Considering the problems faced by infertile couples and the Iranian culture unique features on the issue, nowadays, the consequences of infertility have attracted special attentions, and tools like FAS can be useful for evaluating the psychological problems caused by infertility. Based on the obtained CVR for different items and the conducted exploratory factor analysis, this tool can be considered a valid scale for screening individuals referring to clinics for receiving psychological counseling on infertility problems. As a clinical tool, it can be the starting point for the couples’ psychotherapy sessions, which somewhat specifies the way they look at the infertility issue.
In this pilot study, the infertility adjustment tool was given to 80 patients in two groups of 40 fertile and 40 infertile women. The results showed that in the infertile women group, no significant correlation was observed between the fertility adjustment total score and the patient’s age, age of the mate, length of marriage, length of infertility (year), and length of treatment (month). Furthermore, no relationship was observed between the fertility adjustment total score and the job of patients and job of mates. Lack of relationship between this score and the mentioned demographic variables indicated that this scale is indeed a useful tool for measuring the psychological adjustment. Results were similar to those reported by Arsalan and OKUMUS (16).
Further clinical studies on larger population are needed to standardize the information obtained by using this tool in different medical centers. It is suggested that this questionnaire should be used in infertility treatment centers as the first step to provide the couple’s with a better understanding of each other’s point of view, and also an initial screening for the physician and health care team to understand psychological status of patients.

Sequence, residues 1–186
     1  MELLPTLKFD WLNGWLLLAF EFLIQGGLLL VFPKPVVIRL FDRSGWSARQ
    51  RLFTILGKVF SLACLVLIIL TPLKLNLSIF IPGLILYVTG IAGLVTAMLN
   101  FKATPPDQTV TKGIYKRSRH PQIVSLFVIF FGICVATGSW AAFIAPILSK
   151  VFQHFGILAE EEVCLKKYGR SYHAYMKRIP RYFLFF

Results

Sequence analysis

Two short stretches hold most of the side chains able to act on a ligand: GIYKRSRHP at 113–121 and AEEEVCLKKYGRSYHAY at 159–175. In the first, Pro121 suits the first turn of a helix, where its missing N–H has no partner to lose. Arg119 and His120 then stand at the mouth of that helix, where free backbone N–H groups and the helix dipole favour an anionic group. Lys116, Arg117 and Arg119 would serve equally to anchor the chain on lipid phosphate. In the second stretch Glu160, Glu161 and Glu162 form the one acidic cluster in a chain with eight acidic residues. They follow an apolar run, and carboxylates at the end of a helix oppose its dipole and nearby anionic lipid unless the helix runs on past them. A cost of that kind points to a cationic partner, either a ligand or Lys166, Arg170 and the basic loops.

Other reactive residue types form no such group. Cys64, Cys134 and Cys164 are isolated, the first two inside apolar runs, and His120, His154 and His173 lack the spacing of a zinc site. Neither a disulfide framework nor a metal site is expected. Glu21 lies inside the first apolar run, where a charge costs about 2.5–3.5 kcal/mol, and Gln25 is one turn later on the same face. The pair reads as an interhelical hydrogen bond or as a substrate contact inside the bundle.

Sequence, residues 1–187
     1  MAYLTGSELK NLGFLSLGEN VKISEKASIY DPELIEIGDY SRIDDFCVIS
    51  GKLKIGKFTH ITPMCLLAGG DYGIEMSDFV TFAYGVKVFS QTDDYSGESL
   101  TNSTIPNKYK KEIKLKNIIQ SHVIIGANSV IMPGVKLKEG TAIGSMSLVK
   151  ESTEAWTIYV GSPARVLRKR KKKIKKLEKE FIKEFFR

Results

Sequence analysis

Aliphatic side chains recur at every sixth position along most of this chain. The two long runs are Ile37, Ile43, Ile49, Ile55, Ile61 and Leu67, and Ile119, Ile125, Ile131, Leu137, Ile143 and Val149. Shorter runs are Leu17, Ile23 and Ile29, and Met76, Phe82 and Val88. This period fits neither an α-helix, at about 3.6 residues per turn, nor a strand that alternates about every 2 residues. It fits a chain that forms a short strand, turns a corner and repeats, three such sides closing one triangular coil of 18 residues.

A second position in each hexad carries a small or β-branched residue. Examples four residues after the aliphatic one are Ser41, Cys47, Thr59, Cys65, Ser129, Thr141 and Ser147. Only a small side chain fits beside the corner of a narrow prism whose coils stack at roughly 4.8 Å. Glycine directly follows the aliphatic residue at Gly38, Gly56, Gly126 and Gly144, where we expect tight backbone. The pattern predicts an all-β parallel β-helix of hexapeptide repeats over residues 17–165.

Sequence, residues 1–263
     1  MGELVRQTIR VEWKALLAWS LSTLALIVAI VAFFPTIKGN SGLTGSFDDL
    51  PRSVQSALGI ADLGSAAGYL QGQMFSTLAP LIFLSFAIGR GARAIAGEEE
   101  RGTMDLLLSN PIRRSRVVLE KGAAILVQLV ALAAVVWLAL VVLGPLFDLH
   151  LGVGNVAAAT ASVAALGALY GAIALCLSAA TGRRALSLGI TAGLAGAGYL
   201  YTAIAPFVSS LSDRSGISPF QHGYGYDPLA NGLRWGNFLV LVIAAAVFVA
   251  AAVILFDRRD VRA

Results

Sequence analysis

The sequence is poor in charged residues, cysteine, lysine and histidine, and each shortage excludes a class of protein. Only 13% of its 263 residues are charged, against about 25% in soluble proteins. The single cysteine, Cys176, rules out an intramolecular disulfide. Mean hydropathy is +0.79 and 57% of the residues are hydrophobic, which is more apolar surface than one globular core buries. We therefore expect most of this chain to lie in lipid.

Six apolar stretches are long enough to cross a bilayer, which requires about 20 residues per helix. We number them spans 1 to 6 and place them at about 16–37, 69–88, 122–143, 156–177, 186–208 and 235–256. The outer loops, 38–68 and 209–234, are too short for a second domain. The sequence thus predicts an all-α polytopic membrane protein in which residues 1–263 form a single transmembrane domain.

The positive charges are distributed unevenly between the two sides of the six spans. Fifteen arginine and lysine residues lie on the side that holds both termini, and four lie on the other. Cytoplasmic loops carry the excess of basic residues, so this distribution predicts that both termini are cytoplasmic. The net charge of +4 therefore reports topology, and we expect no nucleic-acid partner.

The results of this study revealed that Persian infertility adjustment scale is an appropriate tool for the analysis of psychological reactions towards infertility problems and the consequences of treating this social-clinical problem.
This study was a research project financially supported by the Deputy of Research and Technology of Birjand University of Medical Sciences, Birjand, Iran. Researchers appreciate all fertile and infertile women who collaborated with us in this project. The authors declare no competing interests.
M.T., S.A.V., M.H.; Contributed to conception and design. A.T., N.B.; Contributed to data collection. M.H., S.A.V.; Contributed to statistical analysis, and interpretation of data and were responsible for overall supervision. M.H.; Drafted the manuscript, which was revised by M.T. and S.A.V. All authors read and approved the final manuscript.